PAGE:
Mainly EA ingroupiness.
Ok, but if you were optimising for communicating that concept, is 'Disneyland with no children' really the phrase you'd use? You could spell it out in full or come up with a more literal pithy phrase.
Btw, I object to using flowery jargon like 'the hardscrapple frontier, the disneyland with no children' that map to easily expressible concepts like 'subsistence living' and 'the extinction of consciousness'. It seems like virtue signalling at the expense of communication.
Well hence the caveat. It may not continue to exist, and encouraging it to do so seems valuable.
But the timescale Toby gave for the long reflection seems to take us to well over to the far side of most foreseeable x-risks, meaning a) it won't have helped us solve them, but rather will only be possible as a consequence of having done so and b) it might well exacerbate them if it turns out that the majority of risks are local, and we've forced ourselves to sit in one spot contemplating them rather than spread out to other star systems.
Hanson's concern seems to be an extension of b), where it ends up causing them directly, which also seems plausible.
I largely agree with Neel, and fwiw to me there isn't really 'an alternative'. Humanity, if it continues to exist as something resembling autonomous individuals, is going to bumble along as it always has and grand proposals to socially engineer it seem unlikely to work and incredibly dangerous if they do.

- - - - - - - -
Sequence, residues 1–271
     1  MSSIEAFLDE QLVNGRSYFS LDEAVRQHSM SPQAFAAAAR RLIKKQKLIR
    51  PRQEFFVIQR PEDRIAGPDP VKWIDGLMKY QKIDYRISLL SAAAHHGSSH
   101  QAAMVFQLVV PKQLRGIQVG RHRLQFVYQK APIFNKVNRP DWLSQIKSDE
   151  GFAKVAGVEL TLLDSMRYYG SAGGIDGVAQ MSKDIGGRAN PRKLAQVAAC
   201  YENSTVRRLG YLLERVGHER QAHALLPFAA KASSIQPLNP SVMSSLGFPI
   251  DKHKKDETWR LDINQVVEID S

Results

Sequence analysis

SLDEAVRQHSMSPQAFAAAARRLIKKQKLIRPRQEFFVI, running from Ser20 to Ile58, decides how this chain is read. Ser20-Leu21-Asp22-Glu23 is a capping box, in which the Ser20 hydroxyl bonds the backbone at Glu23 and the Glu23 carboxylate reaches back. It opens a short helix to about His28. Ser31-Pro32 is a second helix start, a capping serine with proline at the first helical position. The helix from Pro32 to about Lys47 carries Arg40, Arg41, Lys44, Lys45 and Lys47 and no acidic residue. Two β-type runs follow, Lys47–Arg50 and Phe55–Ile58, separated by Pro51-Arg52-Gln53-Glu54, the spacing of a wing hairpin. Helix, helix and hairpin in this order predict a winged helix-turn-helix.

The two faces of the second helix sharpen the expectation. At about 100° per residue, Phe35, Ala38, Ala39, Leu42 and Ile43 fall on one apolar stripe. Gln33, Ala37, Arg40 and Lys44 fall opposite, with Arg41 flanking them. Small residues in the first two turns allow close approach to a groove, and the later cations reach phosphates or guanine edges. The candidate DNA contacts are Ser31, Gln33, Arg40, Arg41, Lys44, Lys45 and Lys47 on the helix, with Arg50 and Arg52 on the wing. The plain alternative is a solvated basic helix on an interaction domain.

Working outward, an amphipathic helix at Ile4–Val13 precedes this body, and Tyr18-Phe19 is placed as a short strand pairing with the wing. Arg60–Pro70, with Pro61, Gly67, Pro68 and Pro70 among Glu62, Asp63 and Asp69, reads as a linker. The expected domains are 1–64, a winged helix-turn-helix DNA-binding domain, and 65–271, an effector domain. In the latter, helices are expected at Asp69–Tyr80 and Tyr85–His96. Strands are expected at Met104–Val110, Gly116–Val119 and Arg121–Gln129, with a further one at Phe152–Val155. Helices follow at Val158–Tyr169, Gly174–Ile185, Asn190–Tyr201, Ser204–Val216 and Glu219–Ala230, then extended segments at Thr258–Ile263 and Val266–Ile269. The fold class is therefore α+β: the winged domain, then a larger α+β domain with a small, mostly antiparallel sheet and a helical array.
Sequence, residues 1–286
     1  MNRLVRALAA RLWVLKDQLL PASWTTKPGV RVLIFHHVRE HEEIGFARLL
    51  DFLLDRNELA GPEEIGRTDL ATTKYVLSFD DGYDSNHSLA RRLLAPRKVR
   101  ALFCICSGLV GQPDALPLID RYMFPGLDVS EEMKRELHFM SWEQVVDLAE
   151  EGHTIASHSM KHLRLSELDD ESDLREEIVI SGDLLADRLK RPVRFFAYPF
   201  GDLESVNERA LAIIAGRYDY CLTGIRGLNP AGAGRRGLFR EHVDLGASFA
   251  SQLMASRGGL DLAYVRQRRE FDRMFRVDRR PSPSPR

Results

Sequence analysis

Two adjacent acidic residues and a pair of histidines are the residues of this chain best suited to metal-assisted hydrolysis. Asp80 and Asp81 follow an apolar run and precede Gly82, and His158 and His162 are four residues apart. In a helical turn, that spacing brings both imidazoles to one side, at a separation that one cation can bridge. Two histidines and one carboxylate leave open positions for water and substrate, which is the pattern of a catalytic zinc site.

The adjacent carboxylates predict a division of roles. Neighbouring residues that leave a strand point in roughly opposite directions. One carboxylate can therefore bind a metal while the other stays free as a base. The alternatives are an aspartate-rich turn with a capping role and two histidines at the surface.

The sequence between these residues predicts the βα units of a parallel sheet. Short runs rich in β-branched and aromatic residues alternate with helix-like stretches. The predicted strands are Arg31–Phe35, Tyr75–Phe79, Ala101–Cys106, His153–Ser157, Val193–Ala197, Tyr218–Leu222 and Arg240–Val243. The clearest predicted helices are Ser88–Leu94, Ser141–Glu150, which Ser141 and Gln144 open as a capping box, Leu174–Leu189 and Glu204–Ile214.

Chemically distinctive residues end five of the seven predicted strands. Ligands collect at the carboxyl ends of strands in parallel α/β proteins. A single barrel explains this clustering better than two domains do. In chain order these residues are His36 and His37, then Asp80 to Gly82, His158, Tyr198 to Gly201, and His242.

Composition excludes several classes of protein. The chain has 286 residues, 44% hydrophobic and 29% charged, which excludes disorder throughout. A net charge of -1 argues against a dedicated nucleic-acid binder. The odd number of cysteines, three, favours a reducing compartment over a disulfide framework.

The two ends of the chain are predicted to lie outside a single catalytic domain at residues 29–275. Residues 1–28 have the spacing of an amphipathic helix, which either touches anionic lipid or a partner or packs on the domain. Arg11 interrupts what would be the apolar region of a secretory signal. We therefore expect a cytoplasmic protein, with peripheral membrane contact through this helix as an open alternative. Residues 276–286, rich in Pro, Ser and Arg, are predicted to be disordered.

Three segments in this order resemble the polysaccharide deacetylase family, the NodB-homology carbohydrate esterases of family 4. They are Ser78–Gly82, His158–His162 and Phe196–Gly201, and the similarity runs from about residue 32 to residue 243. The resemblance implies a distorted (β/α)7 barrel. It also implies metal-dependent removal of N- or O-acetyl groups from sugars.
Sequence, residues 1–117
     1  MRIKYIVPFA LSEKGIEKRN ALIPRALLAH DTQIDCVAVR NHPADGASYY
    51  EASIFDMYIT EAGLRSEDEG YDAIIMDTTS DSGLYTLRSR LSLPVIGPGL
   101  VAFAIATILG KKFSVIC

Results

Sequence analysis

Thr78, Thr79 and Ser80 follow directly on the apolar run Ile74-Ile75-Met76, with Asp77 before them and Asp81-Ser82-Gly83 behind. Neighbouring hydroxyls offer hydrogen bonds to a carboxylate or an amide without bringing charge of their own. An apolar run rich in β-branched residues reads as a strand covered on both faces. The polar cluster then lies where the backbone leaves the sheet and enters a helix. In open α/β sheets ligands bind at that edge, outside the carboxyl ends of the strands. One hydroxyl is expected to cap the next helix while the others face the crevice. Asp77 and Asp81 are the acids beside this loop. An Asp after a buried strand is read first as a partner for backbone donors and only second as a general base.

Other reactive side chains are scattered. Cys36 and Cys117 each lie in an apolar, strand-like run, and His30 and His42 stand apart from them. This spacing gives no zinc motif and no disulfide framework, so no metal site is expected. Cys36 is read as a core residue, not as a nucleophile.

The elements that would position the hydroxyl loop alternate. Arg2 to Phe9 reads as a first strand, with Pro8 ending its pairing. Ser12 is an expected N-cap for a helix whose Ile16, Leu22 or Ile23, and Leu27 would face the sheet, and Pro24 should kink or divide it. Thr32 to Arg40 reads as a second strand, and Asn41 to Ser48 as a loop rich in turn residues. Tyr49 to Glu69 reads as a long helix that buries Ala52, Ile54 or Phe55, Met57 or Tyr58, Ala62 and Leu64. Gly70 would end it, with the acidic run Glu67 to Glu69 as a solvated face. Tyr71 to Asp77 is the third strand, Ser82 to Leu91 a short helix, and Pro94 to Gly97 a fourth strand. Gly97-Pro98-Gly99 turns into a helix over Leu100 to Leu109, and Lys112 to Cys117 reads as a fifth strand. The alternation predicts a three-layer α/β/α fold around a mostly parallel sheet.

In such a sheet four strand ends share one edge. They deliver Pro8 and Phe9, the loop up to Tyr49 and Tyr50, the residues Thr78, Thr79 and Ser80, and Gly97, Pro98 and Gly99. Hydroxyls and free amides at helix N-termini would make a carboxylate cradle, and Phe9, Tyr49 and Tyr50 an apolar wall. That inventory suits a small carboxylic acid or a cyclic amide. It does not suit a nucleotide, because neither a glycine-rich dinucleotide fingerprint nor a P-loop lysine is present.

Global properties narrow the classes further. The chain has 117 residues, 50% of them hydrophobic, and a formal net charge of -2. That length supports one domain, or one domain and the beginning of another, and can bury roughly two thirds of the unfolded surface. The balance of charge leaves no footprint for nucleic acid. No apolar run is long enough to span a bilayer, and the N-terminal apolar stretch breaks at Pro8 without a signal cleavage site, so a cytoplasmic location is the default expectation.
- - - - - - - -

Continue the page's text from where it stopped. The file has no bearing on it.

On the other hand, developing a social movement of concerned individuals with realistic goals that people new to it can empathise with, so that over time their concerns start to become mainstream, seems like a good marginal way of nudging long term experiences to be more positive.
The long reflection as I remember it doesn't have much to do with AGI destroying humanity, since AGI is something that on most timelines we expect to have resolved within the next century or two, whereas the long reflection was something Toby envisaged taking multiple centuries. The same probably applies to whole brain emulation.
This seems like quite an important problem for the long reflection case - it may be so slow a scenario that none of its conclusions will matter.
Hello partner! ;)
Yeah, if precommitment is to be distinguished from regular 'intending to do a thing' or 'stating such intention', it must be ripping out your steering wheel in a game of chicken.
Making a promise not to something I didn't intend to - and where doing it would already harm me socially - doesn't seem to add much beyond the value of stating my intentions (and the statement could still be a lie).
All of this seems consistent with Peter's pledge to second strike being +EV, as long as he's lying.
I can't parse the concept of 'precommitment'. I don't intend to launch a first strike, but maybe something will happen in the next few hours to change my intention, and I don't have any way to restructure my brain to reduce that possibility to 0. The reverse applies for second striking.